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Question
(a) As blood passes through the capillary bed in an organ, the capillaries join to form venules (small veins). If the blood speed increases by a factor of 4.00 and the total cross-sectional area of the venules is $10.0 \textrm{ cm}^2$, what is the total cross-sectional area of the capillaries feeding these venules? (b) How many capillaries are involved if their average diameter is $10.0 \textrm{ }\mu\textrm{m}$?
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Final Answer
  1. $40.0 \textrm{ cm}^2$
  2. $5.09 \times 10^7$
Solution Video

OpenStax College Physics Solution, Chapter 12, Problem 7 (Problems & Exercises) (3:20)

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Video Transcript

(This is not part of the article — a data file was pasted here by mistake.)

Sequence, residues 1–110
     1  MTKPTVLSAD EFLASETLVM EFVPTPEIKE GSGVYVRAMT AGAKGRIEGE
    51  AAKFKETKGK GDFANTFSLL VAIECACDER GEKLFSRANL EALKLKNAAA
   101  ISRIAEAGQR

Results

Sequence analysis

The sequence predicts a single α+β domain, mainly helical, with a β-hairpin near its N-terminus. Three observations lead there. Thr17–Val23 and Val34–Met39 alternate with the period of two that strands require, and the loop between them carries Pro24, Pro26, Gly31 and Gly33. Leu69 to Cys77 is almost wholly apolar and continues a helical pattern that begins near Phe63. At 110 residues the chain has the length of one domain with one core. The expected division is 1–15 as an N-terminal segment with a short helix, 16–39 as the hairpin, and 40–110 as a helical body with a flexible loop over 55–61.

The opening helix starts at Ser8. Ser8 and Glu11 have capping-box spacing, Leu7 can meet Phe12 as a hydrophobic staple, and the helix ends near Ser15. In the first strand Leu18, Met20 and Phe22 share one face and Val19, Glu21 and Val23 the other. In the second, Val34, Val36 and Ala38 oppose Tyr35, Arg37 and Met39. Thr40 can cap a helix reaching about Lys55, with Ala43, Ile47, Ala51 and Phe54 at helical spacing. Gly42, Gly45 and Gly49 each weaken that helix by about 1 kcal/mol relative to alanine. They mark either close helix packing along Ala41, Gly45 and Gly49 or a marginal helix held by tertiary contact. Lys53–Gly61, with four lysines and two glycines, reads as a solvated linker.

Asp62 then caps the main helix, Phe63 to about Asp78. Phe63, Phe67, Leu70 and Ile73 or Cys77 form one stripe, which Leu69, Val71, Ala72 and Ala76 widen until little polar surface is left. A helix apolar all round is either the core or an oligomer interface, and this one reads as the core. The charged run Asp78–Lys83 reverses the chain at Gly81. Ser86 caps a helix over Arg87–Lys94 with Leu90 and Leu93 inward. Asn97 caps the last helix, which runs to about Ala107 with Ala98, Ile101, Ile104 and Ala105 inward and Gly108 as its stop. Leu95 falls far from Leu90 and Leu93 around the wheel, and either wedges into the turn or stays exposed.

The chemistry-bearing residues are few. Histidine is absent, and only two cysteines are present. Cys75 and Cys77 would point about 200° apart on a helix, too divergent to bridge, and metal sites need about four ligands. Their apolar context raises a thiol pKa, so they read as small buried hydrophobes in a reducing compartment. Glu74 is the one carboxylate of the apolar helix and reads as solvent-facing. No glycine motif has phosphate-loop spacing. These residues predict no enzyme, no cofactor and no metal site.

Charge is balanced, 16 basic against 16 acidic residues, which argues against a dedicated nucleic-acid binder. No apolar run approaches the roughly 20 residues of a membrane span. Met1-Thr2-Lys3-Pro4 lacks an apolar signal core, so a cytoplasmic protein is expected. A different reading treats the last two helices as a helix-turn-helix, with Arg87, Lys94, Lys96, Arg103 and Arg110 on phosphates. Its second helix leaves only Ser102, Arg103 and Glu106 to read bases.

This is College Physics Answers with Shaun Dychko. So we have a bed of capillaries in an organ converging into a larger tube called a venule and we’re asked to figure out what is the cross sectional area in total of all these capillaries. Now we know the volume flow rate of blood in all the capillaries together has to equal the volume flow rate in the venule that they are attached to. So we can say that the cross sectional area of the venule times the speed of the blood through it, equals the cross sectional area of the capillaries times the speed of the blood through the capillaries. And we’re given the relation between the speeds in each type of blood vessel. We’re told that the speed in the venule is four times the speed in the capillaries. So we can substitute 4 vc in place of v subscript v, and then the vcs cancel, and so the total area of the capillaries is four times the area of the venule, so that’s four times ten squared centimeters which is 40 squared centimeters. And then the next question is how many capillaries are there if they have a diameter of such and such. So we’ll take the number of capillaries and multiply it by the cross sectional area of per capillary, and that’s going to equal the total area of all capillaries. So the cross sectional area of one capillary is pi times its diameter squared over four, so we’ll substitute that in for little a, and then we’ll solve for nc by multiplying both sides by four over pi d squared. And we get the number of capillaries is four times its total area of all capillaries divided by pi times the diameter of one capillary squared. So that’s four times 40 centimeters squared divided by pi times this number on the bottom, this is just the way I think about unit conversions here, we want to have centimeters on the bottom in order to match with the centimeters on the top, and we’re told that the diameter of a capillary is ten micrometers and the word micro is the same as times ten to the minus six, that’s what the prefix micro means, so we could write this but I want it to be in centimeters and centimeters means multiply by ten to the minus two, but if I put a centimeter here and multiply by ten to the minus two resulting from that c, then I have to multiply by ten to the positive two to compensate, so in the end changing nothing which is the whole idea. We don’t want to change the number, we just want to change how it looks. And so by putting a ten to the minus two implicitly with the letter c there for centi, we have to compensate and multiply by ten to the positive two to compensate for that ten to the minus two implicit in the prefix centi. And this all works out to ten to the minus four in the end, there are other ways to explain that I guess, but that’s just how I think of it to myself. So we have four times 40 centimeters squared over pi times ten to the minus four centimeters squared, and that gives 5.09 times ten to the seven, that is the number of capillaries going into this particular venule.